Addiction therapy reminds me of mental health – the old school approach of psychiatric drugs, versus the newer recovery models and peer based therapy.  And this is where I worry about neuroscience studying addiction – every time such a study is produced, you can bet there is a big pharma company with a patent pending. They probably funded it. People studying the effects of chemicals on the brain, are going to want to push chemical solutions like salesmen selling vacuum cleaners in the 1960s.

At the same time, if this research could produce essentially a ‘willpower’ enhancing implant or drug, that would have pretty profound implications for society, and for addiction. A temporary boost might be as useful a short term therapy as benzo’s are for anxiety.

Hope

We have made some strides in understanding how addiction takes place, and some of the factors involved. But it’s worth remembering how little we know in general – we are still very much puzzling at the complexity of how things make people happy for example, and without understanding that neurologically, it’s hard to understand other things like addiction fully.

But for the addict, I see hope. Harm minimization interventions are sometimes available, such as methadone etc., e-cigs for smokers. We could see a lot more for other drugs, but it’s a start. There are growth areas in peer support, moderation methods, the use of mindfulness and more expansive approaches to addiction therapy. Maybe even a willpower enhancing therapy. We are moving beyond the disease model, and starting to listen to the neuroscientists and researchers in other areas. We have a lot of peoples hard work to thank for that. And hopefully that means better help for people struggling with addiction.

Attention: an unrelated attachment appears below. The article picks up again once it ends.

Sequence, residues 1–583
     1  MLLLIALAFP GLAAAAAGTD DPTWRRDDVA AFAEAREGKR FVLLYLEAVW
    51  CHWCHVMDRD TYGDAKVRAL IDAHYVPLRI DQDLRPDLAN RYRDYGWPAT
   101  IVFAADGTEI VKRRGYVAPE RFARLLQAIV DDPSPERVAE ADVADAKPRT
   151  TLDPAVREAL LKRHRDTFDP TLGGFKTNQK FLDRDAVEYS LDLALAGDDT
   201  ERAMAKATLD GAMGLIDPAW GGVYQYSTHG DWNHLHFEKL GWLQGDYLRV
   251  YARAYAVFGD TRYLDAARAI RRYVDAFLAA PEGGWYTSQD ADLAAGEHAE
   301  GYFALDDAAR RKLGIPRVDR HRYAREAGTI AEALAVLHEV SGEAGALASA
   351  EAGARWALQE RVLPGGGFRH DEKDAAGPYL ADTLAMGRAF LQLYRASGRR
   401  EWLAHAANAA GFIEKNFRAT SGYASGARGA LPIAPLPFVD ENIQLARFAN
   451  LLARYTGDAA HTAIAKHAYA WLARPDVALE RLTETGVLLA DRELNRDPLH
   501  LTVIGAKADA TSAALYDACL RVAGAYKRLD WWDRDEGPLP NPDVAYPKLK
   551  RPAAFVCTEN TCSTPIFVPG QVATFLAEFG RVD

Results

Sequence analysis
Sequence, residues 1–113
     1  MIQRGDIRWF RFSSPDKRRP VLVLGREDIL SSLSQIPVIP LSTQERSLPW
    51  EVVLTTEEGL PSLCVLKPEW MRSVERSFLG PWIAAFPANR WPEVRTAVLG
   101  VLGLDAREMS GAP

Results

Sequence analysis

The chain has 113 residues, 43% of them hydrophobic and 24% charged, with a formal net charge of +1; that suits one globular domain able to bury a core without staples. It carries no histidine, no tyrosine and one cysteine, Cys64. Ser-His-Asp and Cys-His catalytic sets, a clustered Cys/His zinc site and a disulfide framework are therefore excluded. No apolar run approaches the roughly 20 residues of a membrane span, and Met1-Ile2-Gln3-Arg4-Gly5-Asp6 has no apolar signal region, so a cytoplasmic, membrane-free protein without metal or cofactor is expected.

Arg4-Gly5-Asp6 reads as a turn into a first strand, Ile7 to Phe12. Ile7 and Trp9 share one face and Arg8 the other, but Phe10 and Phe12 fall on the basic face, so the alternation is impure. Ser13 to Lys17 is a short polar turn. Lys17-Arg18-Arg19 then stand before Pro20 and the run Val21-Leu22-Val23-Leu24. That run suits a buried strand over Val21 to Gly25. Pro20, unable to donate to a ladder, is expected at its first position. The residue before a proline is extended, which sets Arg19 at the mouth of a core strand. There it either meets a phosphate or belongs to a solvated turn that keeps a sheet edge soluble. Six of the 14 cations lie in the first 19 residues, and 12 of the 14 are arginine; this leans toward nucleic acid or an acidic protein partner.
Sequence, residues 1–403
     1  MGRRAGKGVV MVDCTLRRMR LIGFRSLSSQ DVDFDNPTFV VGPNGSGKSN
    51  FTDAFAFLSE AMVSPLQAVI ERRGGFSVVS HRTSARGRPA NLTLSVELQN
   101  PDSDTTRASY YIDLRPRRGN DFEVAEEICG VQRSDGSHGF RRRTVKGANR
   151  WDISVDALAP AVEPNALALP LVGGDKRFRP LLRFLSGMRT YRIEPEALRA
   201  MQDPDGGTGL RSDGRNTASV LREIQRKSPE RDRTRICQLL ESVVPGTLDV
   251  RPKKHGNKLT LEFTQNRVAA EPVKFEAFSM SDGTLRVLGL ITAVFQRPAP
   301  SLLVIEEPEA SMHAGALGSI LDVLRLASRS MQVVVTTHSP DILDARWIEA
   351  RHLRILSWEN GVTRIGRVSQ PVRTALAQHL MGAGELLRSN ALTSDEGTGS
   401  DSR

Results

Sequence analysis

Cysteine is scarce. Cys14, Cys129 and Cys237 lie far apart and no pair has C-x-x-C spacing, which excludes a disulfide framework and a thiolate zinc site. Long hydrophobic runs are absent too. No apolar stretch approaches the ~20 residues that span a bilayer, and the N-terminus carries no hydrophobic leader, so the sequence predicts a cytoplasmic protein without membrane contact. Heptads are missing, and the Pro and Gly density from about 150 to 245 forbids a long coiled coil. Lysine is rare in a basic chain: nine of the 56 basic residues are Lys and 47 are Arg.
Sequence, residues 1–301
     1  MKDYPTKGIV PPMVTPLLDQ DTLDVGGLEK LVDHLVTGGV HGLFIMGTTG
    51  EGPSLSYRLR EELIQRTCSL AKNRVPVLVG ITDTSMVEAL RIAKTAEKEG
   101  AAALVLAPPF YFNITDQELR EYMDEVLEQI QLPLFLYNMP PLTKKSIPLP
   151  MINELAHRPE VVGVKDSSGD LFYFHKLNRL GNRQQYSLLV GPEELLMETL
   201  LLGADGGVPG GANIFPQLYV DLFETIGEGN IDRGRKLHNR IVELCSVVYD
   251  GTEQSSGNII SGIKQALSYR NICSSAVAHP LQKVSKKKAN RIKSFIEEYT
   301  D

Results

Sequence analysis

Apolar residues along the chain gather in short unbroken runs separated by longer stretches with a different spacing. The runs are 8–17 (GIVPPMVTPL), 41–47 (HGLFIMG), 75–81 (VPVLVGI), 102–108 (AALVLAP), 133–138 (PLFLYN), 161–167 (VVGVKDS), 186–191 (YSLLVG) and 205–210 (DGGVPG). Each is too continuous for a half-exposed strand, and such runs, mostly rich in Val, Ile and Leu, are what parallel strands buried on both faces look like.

[i] https://www.nih.gov/news-events/nih-research-matters/research-hints-new-approach-addiction

 

The final frontier: mapping out the brain

The final frontier: mapping out the brain

Neo The Mind

Whether you choose to traverse the mysteries of the mind through science or psychoactive substances, there’s no denying that the human brain is a wonderful, complex and, at times, frightening thing.

Why is mapping the brain so important?

This sentiment is shared not only amongst psychonauts, but also by many in the scientific community, who over the years have sought to unravel the mysteries of the mind by mapping out the brain into distinct regions. Developing such a map would help scientists garner a better understanding of the structure, function and connectivity of different parts of the brain, which potentially could have a major impact on the medical world and further our insight into how certain drugs interact with the human mind.